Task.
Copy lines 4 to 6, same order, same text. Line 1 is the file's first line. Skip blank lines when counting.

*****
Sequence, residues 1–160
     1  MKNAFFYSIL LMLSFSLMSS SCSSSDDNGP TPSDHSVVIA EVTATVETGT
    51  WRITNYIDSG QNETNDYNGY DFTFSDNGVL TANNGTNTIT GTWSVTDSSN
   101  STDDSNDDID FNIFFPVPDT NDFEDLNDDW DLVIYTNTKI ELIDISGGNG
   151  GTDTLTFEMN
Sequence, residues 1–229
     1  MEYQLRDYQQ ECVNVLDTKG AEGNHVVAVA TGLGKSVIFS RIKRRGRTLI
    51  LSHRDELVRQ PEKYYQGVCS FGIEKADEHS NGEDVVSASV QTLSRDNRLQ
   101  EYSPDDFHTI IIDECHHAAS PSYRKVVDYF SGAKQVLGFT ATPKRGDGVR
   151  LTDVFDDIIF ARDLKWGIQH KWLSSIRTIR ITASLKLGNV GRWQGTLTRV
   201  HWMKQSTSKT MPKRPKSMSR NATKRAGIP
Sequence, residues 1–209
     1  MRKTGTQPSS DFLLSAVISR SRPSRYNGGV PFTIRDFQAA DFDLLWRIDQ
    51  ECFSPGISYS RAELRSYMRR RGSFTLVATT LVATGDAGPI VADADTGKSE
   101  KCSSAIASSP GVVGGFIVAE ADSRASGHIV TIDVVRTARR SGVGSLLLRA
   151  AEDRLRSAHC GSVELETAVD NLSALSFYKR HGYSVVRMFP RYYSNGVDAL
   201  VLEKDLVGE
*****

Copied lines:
   101  STDDSNDDID FNIFFPVPDT NDFEDLNDDW DLVIYTNTKI ELIDISGGNG
   151  GTDTLTFEMN
Sequence, residues 1–229